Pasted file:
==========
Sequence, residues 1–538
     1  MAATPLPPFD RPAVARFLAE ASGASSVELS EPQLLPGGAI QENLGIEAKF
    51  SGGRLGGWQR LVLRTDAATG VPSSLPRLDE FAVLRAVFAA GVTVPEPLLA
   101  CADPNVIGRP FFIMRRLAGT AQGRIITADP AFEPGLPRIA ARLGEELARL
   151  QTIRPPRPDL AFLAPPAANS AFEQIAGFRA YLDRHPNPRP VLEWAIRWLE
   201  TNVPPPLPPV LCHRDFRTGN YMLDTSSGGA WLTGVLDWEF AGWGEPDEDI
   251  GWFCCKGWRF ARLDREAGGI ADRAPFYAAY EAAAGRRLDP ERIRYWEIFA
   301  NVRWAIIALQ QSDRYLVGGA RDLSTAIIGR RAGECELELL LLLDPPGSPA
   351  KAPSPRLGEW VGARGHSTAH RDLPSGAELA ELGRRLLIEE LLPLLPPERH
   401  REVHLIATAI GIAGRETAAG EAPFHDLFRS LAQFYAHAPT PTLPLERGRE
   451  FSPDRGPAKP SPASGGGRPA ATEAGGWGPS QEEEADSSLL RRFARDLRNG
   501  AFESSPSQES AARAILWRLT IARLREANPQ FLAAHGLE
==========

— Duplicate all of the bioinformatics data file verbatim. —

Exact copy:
Sequence, residues 1–538
     1  MAATPLPPFD RPAVARFLAE ASGASSVELS EPQLLPGGAI QENLGIEAKF
    51  SGGRLGGWQR LVLRTDAATG VPSSLPRLDE FAVLRAVFAA GVTVPEPLLA
   101  CADPNVIGRP FFIMRRLAGT AQGRIITADP AFEPGLPRIA ARLGEELARL
   151  QTIRPPRPDL AFLAPPAANS AFEQIAGFRA YLDRHPNPRP VLEWAIRWLE
   201  TNVPPPLPPV LCHRDFRTGN YMLDTSSGGA WLTGVLDWEF AGWGEPDEDI
   251  GWFCCKGWRF ARLDREAGGI ADRAPFYAAY EAAAGRRLDP ERIRYWEIFA
   301  NVRWAIIALQ QSDRYLVGGA RDLSTAIIGR RAGECELELL LLLDPPGSPA
   351  KAPSPRLGEW VGARGHSTAH RDLPSGAELA ELGRRLLIEE LLPLLPPERH
   401  REVHLIATAI GIAGRETAAG EAPFHDLFRS LAQFYAHAPT PTLPLERGRE
   451  FSPDRGPAKP SPASGGGRPA ATEAGGWGPS QEEEADSSLL RRFARDLRNG
   501  AFESSPSQES AARAILWRLT IARLREANPQ FLAAHGLE